Another work of Poe that points to the same theme and reflects the lack of sanity of the narrator is “The Cask of Amontillado.” Insanity drives the main character Montresor to murder Fortunato, a famous wine taster. The narrator feels insulted by his secret enemy and tired of him makes a plan to kill Fortunato and take revenge. Montresor, manages to convince Fortunato to descend to the cave of his palace, with the pretext of collecting his opinion about a certain wine amontillado. He introduces him finally into a narrow entrance crypt without any other exit, and there, with alacrity, he passes a chain around his waist, holding him to the wall. Fortunato thinks it’s a joke but, his enemy, using stones of construction that he prepared in advance, begins to cover that kind of niche. Finally, the vengeful narrator finishes building the wall, throws the torch into the crypt where Fortunato remains chained and places the last stone and moves away. The anger of Montresor transcends the limit and leads him to become ruthless, insane and unstable. In addition, he feels no guilt. In fact he feels relief, letting the audience know that he is not an emotionally balanced person. What gives away Montresor’s insanity is the constant contradiction between his words and his actions. Throughout the story he refers to Fortuanto as his friend. There is an obvious contradiction as somebody who was sane would not kill anybody but nevertheless their friend. He also shows concern for Fortunato, even though he feels no mercy or guilt about the fact that he is going to kill him later. When Montresor asks Fortunato a question Fortunato begins to cough non-stop Montresor then remarks “My poor friend found it impossible to reply for many minutes.” This shows the lack of rationale behind his thoughts and actions. He feels badly for his cough but no remorse for his death. He once again makes another statement in which he ironically states “your health is precious” although his life is nothing to Montresor since he finds it so easy to kill him. Additionally, the narrator’s insanity becomes increasingly evident during the killing in which simply killing Fortunato isn’t enough instead beforehand he tortures him mentally and waits to hear him beg for mercy. This is a huge sign of madness as it implies that Montresor gets an extra kick out of hearing Fortunato’s tone and screams of helplessness.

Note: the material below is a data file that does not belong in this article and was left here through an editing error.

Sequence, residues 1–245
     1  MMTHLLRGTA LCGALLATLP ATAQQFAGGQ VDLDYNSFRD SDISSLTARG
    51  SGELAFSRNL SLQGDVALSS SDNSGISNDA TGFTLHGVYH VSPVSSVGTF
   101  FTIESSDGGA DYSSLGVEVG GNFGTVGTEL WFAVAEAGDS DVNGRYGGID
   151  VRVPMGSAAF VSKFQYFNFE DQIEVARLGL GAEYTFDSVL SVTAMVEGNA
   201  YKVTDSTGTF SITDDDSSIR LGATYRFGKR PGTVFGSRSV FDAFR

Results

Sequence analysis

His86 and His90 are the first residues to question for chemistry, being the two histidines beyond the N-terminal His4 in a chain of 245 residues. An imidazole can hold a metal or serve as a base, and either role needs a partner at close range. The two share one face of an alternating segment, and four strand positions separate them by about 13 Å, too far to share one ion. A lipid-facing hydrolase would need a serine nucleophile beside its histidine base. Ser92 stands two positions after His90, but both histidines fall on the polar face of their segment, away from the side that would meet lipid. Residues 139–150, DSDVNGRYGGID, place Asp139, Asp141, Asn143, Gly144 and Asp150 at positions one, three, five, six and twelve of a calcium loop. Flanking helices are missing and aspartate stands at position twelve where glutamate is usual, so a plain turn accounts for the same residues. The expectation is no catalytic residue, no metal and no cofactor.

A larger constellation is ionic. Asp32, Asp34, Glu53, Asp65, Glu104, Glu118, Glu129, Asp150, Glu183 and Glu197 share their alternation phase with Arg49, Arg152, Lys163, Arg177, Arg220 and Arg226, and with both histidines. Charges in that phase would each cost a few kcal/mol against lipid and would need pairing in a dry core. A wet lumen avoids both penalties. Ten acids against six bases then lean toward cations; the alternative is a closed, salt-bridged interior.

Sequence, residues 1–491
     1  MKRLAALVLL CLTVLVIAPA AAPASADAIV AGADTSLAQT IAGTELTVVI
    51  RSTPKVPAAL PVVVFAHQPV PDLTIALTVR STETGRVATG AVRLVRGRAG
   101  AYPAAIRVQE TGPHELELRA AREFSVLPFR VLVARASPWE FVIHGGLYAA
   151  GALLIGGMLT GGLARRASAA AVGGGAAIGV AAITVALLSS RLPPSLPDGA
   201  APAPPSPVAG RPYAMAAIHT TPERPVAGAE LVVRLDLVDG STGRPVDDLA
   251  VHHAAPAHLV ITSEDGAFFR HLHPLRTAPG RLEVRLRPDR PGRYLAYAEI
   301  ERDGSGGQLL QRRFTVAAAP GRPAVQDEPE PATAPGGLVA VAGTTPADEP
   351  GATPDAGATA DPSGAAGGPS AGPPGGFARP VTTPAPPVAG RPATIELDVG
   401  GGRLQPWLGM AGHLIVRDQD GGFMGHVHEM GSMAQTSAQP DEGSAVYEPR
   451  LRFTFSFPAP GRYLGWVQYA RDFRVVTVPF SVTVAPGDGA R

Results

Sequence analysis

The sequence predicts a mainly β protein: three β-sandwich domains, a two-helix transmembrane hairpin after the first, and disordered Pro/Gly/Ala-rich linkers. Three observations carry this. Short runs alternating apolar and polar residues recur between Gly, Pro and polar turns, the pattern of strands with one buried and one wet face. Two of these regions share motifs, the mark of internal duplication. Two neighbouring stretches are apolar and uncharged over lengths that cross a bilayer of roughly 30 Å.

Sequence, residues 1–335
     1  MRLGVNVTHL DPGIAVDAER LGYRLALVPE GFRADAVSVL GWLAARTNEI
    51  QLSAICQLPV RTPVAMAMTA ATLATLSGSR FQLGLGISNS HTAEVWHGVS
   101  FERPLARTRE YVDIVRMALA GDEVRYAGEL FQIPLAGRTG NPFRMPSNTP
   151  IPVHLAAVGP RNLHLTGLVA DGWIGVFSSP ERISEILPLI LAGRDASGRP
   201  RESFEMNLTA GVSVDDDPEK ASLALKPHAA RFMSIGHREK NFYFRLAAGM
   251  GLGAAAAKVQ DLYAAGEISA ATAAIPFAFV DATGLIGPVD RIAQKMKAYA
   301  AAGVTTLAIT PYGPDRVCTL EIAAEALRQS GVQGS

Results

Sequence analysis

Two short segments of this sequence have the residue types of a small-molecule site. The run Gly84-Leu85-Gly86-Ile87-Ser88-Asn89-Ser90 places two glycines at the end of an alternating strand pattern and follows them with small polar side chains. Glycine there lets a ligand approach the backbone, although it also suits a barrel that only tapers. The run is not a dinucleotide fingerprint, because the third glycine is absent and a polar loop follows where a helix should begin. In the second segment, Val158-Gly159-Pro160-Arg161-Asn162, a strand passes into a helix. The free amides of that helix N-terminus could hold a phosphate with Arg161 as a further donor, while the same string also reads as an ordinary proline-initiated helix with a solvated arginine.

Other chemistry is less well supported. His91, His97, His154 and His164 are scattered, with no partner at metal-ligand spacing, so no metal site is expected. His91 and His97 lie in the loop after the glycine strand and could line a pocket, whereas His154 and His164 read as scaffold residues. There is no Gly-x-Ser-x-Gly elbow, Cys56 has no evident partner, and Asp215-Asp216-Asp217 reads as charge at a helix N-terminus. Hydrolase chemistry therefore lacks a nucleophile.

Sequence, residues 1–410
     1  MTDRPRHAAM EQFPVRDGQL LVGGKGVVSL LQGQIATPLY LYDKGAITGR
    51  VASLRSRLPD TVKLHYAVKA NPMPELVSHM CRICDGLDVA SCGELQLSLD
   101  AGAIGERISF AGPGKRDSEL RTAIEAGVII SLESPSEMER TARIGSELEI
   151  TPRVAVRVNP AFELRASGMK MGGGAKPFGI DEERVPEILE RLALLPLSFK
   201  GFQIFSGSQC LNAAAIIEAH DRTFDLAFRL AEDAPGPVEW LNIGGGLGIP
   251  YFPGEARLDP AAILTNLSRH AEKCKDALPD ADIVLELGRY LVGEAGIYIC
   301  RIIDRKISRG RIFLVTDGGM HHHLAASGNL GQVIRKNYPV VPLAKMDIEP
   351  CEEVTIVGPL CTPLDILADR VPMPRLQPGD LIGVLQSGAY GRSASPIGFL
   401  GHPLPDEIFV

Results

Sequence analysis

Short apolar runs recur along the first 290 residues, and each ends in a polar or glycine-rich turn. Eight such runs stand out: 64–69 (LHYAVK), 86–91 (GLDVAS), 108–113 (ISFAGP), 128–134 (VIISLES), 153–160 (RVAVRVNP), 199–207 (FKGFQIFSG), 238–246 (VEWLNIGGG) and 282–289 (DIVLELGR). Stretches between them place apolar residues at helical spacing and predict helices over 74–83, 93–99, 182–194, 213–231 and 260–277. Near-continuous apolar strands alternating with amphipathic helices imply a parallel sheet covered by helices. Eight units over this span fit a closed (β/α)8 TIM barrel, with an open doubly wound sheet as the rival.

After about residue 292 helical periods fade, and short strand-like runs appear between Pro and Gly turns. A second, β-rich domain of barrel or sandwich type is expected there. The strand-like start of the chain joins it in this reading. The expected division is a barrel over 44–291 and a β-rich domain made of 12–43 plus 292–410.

Poe also has written “The Black Cat” another twisted tale where the narrator shows a psychotic and insane profile. The story begins by the narrator clarifying that he is sane. Although, he does not expect to be believed. The narrator considers that he is not mad and that several events of “cause and effect” led him to be confined and to die the next day. In addition, he shows that he is an ordinary, docile person, who loves animals and who has married young. Among all the animals that he has “Pluto,” the cat, who is his favorite. However, the narrator begins to show changes in his character related to alcohol intake. “The fury of a demon instantly possessed me.” he says, referring to the alcoholism that interferes with his grasp on reality and produces mood swings. In effect, this leads him to get the eye out of the cat with a knife and later kill Pluto. He hangs the cat and kills him “in cold blood” ” hung it because I knew that it had loved me, and because I felt it had given me no reason of offence.” To be insane is to be extremely irrational and Poe’s constant use of concurrent love and hate is exemplary of that. The narrator obviously seems to be unable to understand the feeling of love and therefore, fears it leading him to kill the things that love him. Again it is recurring that he assures that he is not insane. In fact, he makes excuses for all the actions that a rational man would obviously know no explanation could suffice. When killing the animal “He blames the “spirit of perverseness” (Poe 720) for his murder of the same animal, which in truth he uses to cover and rationalize his madness as something experienced by all human beings. He skews this action, though, in order to garner sympathy and reasonable responses to his story, asking “Who has not, a hundred times, found himself committing a vile or a silly action, for no other reason than because he knows he should not” (Poe 720). He uses the bandwagon effect to make his story believable, strongly reinforcing the idea that he is not mad. Doing this, the narrator attempts to connect with his readership, or the person he is confessing to, in order to conceal or overpower the idea he may be under the influence of madness and tilt the listener’s beliefs toward the unexplainable and out of the fault of the narrator (Elswick, 2015).” As the story continues, the narrator comes across another cat which he loves at first but soon start to grow hate towards. He realized the cat has a scar exactly where he had hit Pluto when he killed him. One day he trips over the cat and grabs an axe and tries to kills the cat and his wife who attempts to intrude the act. This again highlights the narrator’s mental illness since something as small as tripping over the cat has led him to attempt to murder it. Most shockingly however, he effortlessly killed his wife without feeling no remorse. When the police show up the narrator nonchalantly shows the police around the home showing that he feels no compunction or fear for the punishment he will face if caught. This unconcerned attitude highlights his insanity and disregard for human life.